The Reagan Administration is preparing to issue new Reduction In Force (RIF) rules that will deemphasize seniority and give extra protection to top performers during layoffs.

Since President Reagan took office, about 3,000 of the area's 342,000 federal workers have been fired for economy reasons. Many more were demoted or downgraded as a result of RIFs.

Under current RIF regulations the general rule is last-hired-first-fired.

In RIF situations, which have been rare in government until recently, disabled veterans, persons with veterans' preference or those with most time in government are least likely to be RIFfed onto the street.

Less senior workers who are not veterans are usually the people bumped from their jobs or actually fired.

New rules, awaiting White House clearance, establish a very different RIF pecking order. In effect they reverse the present system that gives seniority more weight than job performance.

Currently, performance does count to a certain extent by giving some workers the equivalent of more seniority in their agency or competitive job area when a RIF is taking place.

Employes with outstanding ratings get an extra four years of seniority credit during a RIF and those with ratings of better-than-satisfactory or equivalent get an extra two years of seniority.

This is how the new system would work:

Agencies hit by RIFs would divide employes into categories based on their current or most recent job evaluation.

For example, feds with the poorest job ratings would be first targets for RIFs.

Their standing within their group would then be determined by veterans' preference and seniority.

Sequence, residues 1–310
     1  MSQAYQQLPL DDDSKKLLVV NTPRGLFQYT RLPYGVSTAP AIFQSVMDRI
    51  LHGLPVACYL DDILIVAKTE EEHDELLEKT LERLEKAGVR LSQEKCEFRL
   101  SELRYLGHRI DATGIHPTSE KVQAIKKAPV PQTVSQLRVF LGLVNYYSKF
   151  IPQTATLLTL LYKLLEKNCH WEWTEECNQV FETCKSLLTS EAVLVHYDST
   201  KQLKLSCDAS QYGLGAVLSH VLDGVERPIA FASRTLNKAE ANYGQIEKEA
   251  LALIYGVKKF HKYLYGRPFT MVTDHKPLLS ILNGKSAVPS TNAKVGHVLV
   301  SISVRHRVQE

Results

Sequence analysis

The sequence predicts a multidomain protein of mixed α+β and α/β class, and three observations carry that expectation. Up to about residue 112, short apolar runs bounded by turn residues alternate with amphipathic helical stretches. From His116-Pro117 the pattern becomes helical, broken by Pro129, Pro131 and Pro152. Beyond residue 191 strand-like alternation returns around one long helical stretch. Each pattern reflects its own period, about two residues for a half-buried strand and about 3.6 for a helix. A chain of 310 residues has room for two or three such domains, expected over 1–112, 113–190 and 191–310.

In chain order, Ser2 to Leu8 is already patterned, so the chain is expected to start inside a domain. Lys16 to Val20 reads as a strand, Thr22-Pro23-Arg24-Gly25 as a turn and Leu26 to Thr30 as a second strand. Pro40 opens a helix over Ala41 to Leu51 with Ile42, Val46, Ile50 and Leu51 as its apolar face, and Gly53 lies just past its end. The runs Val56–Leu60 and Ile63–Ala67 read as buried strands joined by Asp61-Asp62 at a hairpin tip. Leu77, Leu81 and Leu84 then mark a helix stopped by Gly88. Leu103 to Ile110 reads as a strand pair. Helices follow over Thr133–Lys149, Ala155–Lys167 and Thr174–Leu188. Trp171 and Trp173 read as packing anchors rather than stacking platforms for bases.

The next group to be considered for RIFs would be those with satisfactory ratings.

Persons in that group with veterans status and/or the most seniority would be retained before persons with less seniority or who were not veterans.

The same selection/retention process would then be applied to those with better-than-satisfactory performance ratings.

The last group that would be considered for RIFs would be those persons with "outstanding" or the top job rating.

In addition to the above-mentioned changes, the new RIF rules would limit the number of times that an employe with top standing (based on seniority, service or job ratings) could bump another worker from a job.

In many cases employes whose jobs are abolished by RIFs can and do "bump" down into the system, displacing anywhere from 5 to 15 workers with less standing.

The new RIF rules were drafted at the Office of Personnel Management in response to complaints from workers, unions and members of Congress about the present system, which they claim discriminates against women (because of veterans' preference) and the young and minorities (because they often have less seniority).

Although the changes will make some people happy, they will probably come under fire because government workers--understandably--do not like RIFs. Period.